Article in Huffington Post by SWHR.
Just when things have calmed down, the Drug Industry opens a new salvo in its war against bioidentical hormones, perceived as unfairly stealing market share from their flaghip hormone pill, Prempro, a synthetic chemical currently in litigation for causing cancer and heart disease.
This time the attack appeared in the Huffington Post, with an article by Phyllis Greenberger, CEO of Society for Women’s Health Research, an industry sponsored mouthpiece which funnels money from the drug industry to doctors for research grants, speaking engagements, meetings and even gala celebrations. Upper left image courtesy of Huffington Post, Phyllis Greenberger,and SWHR.
A 2003 expose by journalist Alicia Mundy in the Washington Monthly spills the beans on the Society for Women’s Health Research (SWHR). Here is a quote from Alicia Mundy’s 2003 article:
“We do know the companies that sit on the (SWHR) society’s 40-member “corporate advisory board,” created since Greenberger took over. They include Eli Lilly, Johnson & Johnson, Merck, Pfizer, and Wyeth–all of which market popular women’s drugs. “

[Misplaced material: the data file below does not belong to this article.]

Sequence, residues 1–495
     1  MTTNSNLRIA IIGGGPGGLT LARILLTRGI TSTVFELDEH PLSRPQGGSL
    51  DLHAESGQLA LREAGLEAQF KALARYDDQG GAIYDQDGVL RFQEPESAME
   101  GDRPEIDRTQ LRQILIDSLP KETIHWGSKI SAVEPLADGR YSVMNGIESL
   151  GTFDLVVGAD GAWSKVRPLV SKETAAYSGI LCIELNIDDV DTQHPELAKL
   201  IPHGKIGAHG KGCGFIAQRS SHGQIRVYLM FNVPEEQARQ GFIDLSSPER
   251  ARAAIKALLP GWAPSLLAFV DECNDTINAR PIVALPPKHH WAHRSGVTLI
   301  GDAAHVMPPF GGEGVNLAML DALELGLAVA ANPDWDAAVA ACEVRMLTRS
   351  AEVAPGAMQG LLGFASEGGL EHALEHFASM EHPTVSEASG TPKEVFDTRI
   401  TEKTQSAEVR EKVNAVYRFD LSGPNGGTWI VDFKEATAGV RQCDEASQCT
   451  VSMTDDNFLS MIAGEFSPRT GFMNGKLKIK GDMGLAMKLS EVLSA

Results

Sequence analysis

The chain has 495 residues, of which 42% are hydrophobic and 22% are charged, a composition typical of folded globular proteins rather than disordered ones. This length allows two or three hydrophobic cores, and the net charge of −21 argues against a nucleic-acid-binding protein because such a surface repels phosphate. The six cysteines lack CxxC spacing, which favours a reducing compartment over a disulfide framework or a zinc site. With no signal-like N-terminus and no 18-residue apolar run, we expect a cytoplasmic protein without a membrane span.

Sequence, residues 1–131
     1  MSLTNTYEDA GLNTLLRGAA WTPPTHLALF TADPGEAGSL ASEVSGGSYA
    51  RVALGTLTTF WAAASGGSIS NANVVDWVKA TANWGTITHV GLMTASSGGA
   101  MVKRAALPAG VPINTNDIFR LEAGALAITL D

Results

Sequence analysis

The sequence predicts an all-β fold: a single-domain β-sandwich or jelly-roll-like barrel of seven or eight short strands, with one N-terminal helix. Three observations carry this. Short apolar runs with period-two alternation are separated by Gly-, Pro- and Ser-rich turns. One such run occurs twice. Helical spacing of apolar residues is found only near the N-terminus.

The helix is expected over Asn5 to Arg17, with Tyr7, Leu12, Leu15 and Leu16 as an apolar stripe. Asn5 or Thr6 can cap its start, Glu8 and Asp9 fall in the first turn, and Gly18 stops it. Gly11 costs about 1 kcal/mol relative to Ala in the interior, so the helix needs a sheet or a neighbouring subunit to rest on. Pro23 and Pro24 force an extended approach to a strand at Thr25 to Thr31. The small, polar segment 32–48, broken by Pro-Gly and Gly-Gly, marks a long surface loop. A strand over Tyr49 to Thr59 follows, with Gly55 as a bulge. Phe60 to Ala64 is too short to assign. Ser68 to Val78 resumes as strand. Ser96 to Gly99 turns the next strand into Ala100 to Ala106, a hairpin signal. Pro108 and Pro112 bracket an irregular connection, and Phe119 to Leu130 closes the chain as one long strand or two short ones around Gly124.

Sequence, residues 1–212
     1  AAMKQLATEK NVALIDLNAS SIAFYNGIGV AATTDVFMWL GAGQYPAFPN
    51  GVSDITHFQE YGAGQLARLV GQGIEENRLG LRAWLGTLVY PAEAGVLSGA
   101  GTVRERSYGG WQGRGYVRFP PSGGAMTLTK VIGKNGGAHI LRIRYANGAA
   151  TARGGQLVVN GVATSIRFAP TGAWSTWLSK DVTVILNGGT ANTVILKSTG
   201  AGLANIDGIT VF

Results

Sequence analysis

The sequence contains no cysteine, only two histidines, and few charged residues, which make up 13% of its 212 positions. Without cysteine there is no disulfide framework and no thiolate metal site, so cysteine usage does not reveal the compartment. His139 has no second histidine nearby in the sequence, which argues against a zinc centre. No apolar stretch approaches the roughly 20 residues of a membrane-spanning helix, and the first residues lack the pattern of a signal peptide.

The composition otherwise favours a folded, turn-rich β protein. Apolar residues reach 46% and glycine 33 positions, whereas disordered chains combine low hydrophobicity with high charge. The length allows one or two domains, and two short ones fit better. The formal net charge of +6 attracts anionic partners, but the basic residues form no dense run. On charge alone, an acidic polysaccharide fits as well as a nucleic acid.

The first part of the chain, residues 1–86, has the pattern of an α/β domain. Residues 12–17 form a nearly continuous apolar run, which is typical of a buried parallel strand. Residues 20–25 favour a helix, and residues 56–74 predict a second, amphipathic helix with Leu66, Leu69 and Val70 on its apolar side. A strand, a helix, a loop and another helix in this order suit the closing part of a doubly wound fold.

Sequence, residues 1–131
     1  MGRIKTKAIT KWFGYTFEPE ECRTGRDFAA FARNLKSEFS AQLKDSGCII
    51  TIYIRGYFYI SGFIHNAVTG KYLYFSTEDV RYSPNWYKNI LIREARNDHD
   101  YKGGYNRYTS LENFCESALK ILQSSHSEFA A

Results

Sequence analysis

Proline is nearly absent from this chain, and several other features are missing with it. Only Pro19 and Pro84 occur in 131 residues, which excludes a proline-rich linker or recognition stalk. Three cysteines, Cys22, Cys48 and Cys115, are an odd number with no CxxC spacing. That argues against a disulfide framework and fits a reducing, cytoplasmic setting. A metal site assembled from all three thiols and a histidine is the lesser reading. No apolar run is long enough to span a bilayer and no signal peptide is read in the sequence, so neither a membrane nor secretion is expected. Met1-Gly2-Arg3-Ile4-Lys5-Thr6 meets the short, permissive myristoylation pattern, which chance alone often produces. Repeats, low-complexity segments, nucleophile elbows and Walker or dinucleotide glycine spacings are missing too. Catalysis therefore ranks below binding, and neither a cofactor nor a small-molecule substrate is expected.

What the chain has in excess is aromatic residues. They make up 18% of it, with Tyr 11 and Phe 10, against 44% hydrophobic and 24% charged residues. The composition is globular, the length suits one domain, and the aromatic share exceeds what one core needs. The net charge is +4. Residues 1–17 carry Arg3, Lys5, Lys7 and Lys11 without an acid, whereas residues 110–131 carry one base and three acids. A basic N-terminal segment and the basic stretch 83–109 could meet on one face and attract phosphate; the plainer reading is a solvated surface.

Serving Your Corporate Master
Although I am grateful to Phyllis Grenberger for giving me a topic to write about, I must confess astonishment with such a twisted and distorted collection of untruths, and deception nonsense all in one place. Apparently, having the drug industry as one’s corporate master requires regurgitation of old marketing propaganda, even if it doesn’t make any sense. Even to the most casual observer, this Huffing Post piece is a blatant attempt to discredit bioidentical hormones using fallacies, innuendo, and misinformtion. Much of this material was covered in my previous book, Bioidentical Hormones 101.
Let’s Take A Look At the Huff Post Article
The author, Phyllis Greenberger M.S.W., states, “Bioidentical Hormones are not FDA approved.”
This is blatantly incorrect. There are twenty or so FDA approved bioidentical hormone preparations widely available at corner drug stores. Here are a few examples: Vivelle-Dot, Estrace, Climara, Prometrium, Androgel, etc.